For example, if the goal is a nuanced presentation, you want your villain to feel realistic. They should have goals and motivations that the audience can connect to and understand. This might result in what we call a “sympathetic villain,” though does not need to. Even things like the lust for power and wealth can be realistic as long as the actions that correspond to that desire don’t cross over into the comical. A villain exploiting people for wealth feels real. A villain nuking a city for wealth is far more awful…but feels dumb. The former is – or at least can be – compelling. The latter is so over-the-top that it reverts back around to being dull.

Second, let’s examine tone. Some stories are serious, some are lighthearted. Those different tones set the stage for how characters should behave, and you need your villains to behave accordingly. When there is a serious disconnect, a villain becomes so unbelievable that they lose any notion of being compelling.

Let me use the following juxtaposition as an example. The villains of Far Cry 3 and 4 – Vas and Pagan Min – both behave in rather lighthearted ways. They both will sometimes joke around with the main character, behave as though there’s nothing wrong with what they’re doing, and overall seem as though they’re enjoying themselves. Since these two games are generally pretty serious in their tone, we might think this is a disconnect. But, since we also see these characters engaging in cruel actions, their cruelty gets juxtaposed with that lightheartedness – their cruelty seems worse because it’s being performed by this character. And so the disconnect goes away.

By comparison, imagine instead we had a villain in the same games that was not only lighthearted, but inept. Take away the cruel actions, and instead we find Vas and Pagan Min bumbling around, struggling to keep their soldiers in order, and so on. If the example means anything to you, imagine replacing them with Dr. Evil from the Austin Powers movies. In this example, the villain’s comedic tone does feel like too much of a shift from the rest of the story. The villain just doesn’t fit, and so becomes dull as a consequence.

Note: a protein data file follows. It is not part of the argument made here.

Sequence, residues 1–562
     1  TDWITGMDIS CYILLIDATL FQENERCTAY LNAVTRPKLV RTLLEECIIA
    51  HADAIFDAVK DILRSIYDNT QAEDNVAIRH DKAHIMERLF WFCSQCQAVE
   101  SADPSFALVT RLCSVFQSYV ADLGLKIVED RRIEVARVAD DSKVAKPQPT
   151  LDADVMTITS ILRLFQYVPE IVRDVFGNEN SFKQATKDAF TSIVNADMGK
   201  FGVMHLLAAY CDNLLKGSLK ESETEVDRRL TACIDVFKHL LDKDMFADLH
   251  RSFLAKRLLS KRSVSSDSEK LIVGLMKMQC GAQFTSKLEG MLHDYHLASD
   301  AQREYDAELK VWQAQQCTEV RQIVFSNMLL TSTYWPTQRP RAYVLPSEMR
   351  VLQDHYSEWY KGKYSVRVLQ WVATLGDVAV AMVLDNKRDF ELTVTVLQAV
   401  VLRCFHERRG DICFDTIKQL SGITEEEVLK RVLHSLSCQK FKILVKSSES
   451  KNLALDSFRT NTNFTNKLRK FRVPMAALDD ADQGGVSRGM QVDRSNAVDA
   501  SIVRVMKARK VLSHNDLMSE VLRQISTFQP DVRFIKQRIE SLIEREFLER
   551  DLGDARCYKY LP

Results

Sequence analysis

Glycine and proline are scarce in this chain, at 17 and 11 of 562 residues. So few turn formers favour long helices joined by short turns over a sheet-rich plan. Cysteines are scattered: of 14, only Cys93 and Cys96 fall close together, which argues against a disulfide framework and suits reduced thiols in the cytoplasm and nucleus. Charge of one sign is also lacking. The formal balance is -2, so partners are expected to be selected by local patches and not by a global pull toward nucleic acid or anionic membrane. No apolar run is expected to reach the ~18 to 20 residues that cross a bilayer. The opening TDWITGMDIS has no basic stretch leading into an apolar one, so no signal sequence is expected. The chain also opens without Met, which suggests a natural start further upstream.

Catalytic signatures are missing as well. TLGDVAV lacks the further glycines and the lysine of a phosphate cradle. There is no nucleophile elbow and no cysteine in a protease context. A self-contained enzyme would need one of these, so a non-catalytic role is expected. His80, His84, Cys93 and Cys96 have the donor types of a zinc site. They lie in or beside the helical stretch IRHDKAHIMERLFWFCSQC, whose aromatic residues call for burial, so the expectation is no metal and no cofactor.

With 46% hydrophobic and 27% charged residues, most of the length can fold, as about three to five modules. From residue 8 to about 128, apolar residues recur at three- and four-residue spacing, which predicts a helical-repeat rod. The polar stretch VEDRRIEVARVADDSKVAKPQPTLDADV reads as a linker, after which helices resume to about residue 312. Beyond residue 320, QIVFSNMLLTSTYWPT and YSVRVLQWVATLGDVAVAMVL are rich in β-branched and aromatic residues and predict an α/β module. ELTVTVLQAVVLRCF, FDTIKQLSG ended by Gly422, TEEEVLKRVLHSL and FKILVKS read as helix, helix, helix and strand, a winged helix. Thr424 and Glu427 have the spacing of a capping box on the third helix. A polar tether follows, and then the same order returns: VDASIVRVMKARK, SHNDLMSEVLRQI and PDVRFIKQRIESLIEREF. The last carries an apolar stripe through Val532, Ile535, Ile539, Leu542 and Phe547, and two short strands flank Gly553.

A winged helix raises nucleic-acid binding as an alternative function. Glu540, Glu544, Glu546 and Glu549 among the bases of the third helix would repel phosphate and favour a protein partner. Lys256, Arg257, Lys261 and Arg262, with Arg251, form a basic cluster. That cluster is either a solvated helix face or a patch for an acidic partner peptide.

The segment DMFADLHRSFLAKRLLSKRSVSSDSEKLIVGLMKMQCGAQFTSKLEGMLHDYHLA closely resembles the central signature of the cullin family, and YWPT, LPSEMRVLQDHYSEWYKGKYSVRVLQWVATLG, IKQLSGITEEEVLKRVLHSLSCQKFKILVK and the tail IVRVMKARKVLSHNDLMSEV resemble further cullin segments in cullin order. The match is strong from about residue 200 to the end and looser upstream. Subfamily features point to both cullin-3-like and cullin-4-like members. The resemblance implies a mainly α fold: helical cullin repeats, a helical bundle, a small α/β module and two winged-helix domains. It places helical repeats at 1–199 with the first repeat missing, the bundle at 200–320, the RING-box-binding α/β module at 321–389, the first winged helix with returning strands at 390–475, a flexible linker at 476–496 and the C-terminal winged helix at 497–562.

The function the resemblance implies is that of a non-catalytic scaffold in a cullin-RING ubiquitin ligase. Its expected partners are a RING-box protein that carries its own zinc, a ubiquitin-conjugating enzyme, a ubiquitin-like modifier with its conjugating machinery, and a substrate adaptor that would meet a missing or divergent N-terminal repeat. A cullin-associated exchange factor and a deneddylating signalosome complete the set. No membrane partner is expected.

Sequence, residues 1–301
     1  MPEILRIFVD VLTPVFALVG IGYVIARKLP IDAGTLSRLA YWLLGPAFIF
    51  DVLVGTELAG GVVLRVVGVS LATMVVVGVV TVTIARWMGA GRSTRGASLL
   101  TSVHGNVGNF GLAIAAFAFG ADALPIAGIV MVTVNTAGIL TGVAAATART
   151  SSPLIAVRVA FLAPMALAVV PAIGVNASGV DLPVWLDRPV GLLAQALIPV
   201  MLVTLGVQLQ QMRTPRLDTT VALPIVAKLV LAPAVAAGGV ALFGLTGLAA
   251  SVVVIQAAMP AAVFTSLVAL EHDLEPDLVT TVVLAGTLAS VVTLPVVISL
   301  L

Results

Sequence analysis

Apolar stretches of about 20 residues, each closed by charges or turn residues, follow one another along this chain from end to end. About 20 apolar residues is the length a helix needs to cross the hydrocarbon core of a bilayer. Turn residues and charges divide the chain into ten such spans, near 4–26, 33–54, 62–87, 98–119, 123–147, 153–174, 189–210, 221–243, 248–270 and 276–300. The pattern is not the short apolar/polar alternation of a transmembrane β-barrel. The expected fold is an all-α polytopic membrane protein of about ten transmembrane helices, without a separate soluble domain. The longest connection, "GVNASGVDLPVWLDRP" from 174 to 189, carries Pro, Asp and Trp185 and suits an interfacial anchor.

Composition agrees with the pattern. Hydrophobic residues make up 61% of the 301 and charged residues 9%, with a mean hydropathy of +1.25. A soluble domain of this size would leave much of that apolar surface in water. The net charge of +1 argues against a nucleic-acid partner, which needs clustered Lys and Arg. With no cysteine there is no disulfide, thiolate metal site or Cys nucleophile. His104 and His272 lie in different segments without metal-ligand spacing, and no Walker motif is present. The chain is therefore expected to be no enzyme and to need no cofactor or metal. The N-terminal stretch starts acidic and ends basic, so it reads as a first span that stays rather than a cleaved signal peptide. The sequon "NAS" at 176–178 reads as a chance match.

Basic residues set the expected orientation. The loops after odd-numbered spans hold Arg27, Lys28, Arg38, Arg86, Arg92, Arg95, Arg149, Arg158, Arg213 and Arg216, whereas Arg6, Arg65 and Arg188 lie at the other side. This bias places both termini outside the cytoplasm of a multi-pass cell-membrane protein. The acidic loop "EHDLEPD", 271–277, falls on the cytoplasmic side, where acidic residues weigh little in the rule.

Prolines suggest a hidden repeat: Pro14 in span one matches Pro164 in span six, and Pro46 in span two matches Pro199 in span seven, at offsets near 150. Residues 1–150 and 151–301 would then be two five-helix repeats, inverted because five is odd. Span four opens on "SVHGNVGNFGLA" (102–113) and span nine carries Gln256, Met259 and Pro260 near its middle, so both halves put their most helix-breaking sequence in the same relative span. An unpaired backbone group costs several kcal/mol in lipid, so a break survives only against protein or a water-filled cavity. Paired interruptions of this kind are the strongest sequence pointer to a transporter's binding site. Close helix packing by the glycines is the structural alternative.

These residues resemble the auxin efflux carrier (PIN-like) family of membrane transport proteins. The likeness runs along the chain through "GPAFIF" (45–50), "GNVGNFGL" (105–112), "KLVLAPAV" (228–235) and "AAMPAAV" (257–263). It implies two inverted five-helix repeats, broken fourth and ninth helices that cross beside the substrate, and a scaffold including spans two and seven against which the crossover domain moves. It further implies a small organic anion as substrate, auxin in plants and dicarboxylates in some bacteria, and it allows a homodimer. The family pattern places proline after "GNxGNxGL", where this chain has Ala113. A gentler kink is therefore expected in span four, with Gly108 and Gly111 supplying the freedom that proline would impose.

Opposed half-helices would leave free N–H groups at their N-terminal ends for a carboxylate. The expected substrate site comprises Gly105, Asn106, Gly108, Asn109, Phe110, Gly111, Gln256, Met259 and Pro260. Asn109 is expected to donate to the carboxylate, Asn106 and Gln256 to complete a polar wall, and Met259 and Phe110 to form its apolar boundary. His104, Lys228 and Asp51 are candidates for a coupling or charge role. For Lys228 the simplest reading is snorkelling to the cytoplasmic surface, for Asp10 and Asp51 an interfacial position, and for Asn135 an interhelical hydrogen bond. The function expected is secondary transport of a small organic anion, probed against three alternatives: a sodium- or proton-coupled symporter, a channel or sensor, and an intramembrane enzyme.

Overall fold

Third, let’s talk about identifiability. To be identifiable as a villain means that it is clear who the “bad guy” is. There is no ambiguity. Such identifiability is not actually a prerequisite for all narratives, and actually it’s best to think of it as something important for “simpler” narratives. If you’re doing a nuanced presentation of good vs. evil, a clearly identifiable villain may work against you. But if you’re story is more a celebration of the good, then identifiability is important.

Think of the Star Wars movies, as an example. These movies have clearly identifiable villains – the Empire, and the figureheads represented by characters like Darth Vader and Emperor Palpatine. These villain characters aren’t actually that complex when you dig down into their motivations and behaviors. But what makes them compelling is that they stick out so clearly in our minds – they strike an imposing presence, and we very clearly know what they’re doing and why. They are ironically interesting not because they are deep characters that invite a lot of digging and analysis, but because all of the blanks in our mind are automatically filled in.